Whether you shave, wax or zap it, grooming body hair can require a ton of time and effort. Even if you’ve been doing it for years, these under-the-radar expert facts can make the pursuit easier.
Shaving Takes Months
According to Fort Lauderdale, FL dermatologist Dr. Matthew Elias, the average woman spends about 11 minutes a day, at least three days a week, just shaving: “That equates to more than two hours a month and one whole day a year,” he says. “When you add it up, it’s the equivalent of almost two entire months of your lifetime spent on shaving!”
No pain, No Gain
WAXWITCH’s Stacy Rus is adamant that there is no such thing as a painless wax. “It doesn’t matter what the ad says, ultimately, you’re having hair ripped out,” says the waxing expert. “There is no special type of wax that exists that will make it painless, but the mild discomfort should subside fast, and it does get easier to tolerate with each and every visit.”
Out of the Shadows
“Shaving is an aggressive form of exfoliation, which makes it easier for dirt, bacteria and deodorant residue to build up in the underarm hair follicles,” explains Rus. “It can also cause ingrown hairs, which darken the area over time, creating a shadowy look. Waxing gets rid of hair at the root, stops the over-exfoliation and eliminates the dark shadow, which gives the underarms a much smoother, lighter look.”
After-Care Is Key
Having an adverse reaction doesn’t always mean your waxer made a mistake or that you’re allergic to the wax; user-error might play a part. Not following after-care instructions is the most common cause of an unfavorable outcome. It could also be due to diet, a medication or a simple histamine reaction.
Retinol On, Wax Off
“Threading is a much better option than waxing if you are using a topical retinoid on your skin,” says Bay Harbor Islands, FL dermatologist Melissa Lazarus, MD. “Wax can pull at delicate skin and leave it red and irritated, or worse, with raw areas where some skin is pulled off along with hair.”
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Glowing Skin Is Not Always In
“Never get a laser hair removal treatment when you’ve recently tanned,” advises Covington, LA dermatologist Christel Malinski, MD. “Even self-tanner can be seen as pigment by the laser and cause an unintended burn.”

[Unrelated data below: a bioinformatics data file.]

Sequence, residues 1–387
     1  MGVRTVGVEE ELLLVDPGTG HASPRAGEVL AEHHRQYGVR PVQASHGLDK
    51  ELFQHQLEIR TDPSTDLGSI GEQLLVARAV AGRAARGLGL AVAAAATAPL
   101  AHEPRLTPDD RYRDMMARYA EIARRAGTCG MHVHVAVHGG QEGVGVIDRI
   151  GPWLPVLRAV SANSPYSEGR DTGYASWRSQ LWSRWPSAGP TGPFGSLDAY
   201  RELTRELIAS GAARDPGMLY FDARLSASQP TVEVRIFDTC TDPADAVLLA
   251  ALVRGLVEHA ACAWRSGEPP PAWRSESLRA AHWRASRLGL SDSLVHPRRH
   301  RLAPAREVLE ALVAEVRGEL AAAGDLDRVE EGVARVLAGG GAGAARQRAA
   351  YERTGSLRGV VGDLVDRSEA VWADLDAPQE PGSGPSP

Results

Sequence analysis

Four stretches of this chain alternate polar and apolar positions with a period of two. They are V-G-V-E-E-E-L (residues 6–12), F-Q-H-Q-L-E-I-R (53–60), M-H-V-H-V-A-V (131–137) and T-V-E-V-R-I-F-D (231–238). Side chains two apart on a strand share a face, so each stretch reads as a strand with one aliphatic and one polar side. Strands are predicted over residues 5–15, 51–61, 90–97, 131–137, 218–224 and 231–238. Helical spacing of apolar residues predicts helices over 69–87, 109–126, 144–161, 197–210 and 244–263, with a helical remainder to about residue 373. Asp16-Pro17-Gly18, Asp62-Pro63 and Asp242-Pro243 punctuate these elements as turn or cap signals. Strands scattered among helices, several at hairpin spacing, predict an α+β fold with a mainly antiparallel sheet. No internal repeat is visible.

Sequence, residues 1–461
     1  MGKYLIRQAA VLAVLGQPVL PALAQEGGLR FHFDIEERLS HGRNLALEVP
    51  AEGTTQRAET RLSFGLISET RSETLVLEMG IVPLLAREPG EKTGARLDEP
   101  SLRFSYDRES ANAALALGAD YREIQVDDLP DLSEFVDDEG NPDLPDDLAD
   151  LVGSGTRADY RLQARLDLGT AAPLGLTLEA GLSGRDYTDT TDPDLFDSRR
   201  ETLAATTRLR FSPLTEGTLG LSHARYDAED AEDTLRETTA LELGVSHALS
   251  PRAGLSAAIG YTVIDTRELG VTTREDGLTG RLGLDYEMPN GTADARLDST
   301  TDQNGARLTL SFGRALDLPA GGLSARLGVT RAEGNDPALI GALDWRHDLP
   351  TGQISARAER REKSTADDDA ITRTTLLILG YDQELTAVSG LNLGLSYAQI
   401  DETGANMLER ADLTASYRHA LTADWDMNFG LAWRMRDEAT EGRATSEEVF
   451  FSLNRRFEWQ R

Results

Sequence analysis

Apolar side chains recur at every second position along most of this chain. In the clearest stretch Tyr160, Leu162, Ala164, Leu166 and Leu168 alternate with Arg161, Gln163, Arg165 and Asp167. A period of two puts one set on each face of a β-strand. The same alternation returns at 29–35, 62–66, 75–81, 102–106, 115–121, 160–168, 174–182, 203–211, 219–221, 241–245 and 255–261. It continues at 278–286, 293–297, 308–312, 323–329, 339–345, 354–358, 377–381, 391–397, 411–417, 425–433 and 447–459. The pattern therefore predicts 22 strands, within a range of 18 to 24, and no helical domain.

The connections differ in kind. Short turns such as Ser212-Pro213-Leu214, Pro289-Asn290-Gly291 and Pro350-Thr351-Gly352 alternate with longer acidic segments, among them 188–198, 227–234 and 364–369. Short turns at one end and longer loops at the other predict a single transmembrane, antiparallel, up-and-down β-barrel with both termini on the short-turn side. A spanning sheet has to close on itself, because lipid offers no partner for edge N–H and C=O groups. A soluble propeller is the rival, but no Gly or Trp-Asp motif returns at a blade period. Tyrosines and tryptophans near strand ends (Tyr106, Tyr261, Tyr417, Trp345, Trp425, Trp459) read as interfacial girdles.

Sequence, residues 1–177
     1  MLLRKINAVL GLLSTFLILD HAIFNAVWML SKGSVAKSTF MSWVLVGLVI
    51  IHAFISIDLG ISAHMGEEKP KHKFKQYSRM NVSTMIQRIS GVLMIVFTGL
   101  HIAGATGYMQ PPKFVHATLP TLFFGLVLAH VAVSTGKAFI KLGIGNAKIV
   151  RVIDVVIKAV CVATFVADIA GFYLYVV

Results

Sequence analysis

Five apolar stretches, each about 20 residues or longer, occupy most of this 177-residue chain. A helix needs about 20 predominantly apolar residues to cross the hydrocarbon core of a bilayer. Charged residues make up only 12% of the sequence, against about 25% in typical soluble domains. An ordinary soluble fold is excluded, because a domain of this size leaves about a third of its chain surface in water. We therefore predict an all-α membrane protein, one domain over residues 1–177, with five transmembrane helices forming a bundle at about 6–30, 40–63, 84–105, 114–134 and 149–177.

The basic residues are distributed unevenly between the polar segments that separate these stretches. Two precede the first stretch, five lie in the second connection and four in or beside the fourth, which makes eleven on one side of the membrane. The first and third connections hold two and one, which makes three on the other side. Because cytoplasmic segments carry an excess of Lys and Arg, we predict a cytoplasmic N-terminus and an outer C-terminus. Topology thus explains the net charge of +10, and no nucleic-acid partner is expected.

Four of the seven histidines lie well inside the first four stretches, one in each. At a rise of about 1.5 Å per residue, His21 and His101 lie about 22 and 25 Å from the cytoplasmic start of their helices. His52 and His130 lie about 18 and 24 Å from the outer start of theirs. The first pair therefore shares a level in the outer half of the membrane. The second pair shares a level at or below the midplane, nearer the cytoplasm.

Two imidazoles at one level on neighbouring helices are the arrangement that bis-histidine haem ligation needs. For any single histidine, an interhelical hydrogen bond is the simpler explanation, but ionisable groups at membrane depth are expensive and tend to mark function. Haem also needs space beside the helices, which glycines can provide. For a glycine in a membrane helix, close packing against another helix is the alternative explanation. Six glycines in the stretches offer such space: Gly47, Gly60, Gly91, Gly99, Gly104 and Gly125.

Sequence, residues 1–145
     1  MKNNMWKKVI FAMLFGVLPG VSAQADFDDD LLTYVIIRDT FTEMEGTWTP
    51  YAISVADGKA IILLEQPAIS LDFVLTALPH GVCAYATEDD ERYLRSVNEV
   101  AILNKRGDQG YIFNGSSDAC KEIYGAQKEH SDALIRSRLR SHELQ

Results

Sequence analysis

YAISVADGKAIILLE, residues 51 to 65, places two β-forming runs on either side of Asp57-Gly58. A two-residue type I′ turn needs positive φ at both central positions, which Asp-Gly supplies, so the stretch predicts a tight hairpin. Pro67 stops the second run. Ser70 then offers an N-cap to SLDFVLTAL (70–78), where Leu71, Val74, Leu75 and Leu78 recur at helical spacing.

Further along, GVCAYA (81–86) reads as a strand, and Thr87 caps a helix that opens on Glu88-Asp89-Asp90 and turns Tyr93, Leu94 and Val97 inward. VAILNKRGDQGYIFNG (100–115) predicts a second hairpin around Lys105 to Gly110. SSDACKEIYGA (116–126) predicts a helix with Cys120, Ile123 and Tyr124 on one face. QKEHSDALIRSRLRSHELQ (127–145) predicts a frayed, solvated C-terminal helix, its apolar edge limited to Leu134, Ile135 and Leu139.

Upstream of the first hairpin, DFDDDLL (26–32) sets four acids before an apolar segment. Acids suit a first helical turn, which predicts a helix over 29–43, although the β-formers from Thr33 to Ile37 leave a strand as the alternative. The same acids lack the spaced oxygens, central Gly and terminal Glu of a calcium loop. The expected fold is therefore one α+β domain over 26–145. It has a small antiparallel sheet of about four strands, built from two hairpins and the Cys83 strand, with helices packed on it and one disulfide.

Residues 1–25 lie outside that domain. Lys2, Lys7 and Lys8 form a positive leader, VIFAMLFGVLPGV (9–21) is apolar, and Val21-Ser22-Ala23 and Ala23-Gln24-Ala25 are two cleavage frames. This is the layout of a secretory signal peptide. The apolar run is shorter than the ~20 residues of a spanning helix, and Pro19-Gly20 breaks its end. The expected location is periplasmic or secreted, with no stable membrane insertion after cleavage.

The Bumps Stop Here
Davie, FL dermatologist Lesley Clark-Loeser, MD, says laser hair removal is also a great option for those who tend to get razor burn or bumps: “The laser targets the brown pigment in the hair follicle beneath the skin and stops the cycle of ingrown hairs that often occurs when waxing or shaving areas with thick or curly hair.”
Lasers Aren’t One and Done
“All hair is not in the same growing stage,” Tenafly, NJ dermatologist Ana Cristina Laureano, MD says. “Only a percentage of follicles being lasered will be affected, so they must be retreated once they complete the cycle and return to the growing stage.”
Wilmington, NC dermatologist Kendall Egan, MD cautions patients with darker skin tones: “With laser hair reduction, darker skin tones and those with tanned skin are at risk for burning and scarring. Be sure to seek a qualified dermatologist who can select the appropriate laser.”
Accepting All Shades
If you do have lighter hair, New York dermatologist Susan Bard, MD says fear not. “Because the laser is unable to effectively target hair with little-to- no melanin in it, like white, blond, gray or red hair, try electrolysis instead—it uses short-wave radio frequencies to disrupt hair growth—and is the best option for light hair.”
The mess-free No Mo No Mo-Bush ($12) wax strips in this DIY, travel-friendly kit heat up when you rub them in between your hands.
Glee Body Hair Removal Cream ($9) smells like honeydew melon and totally gets rid of hair in seven minutes or less.
The perfect post-care companion, Whish Flawless Post Wax and Shave Serum ($23) nourishes, cools and soothes skin with aloe and cucumber.
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